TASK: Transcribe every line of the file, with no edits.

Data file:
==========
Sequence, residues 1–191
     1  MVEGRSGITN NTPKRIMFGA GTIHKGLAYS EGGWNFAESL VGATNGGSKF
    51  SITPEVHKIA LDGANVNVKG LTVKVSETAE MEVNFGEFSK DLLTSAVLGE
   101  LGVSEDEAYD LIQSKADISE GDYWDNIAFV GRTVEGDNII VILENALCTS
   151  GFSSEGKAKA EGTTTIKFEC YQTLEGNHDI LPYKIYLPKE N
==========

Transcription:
Sequence, residues 1–191
     1  MVEGRSGITN NTPKRIMFGA GTIHKGLAYS EGGWNFAESL VGATNGGSKF
    51  SITPEVHKIA LDGANVNVKG LTVKVSETAE MEVNFGEFSK DLLTSAVLGE
   101  LGVSEDEAYD LIQSKADISE GDYWDNIAFV GRTVEGDNII VILENALCTS
   151  GFSSEGKAKA EGTTTIKFEC YQTLEGNHDI LPYKIYLPKE N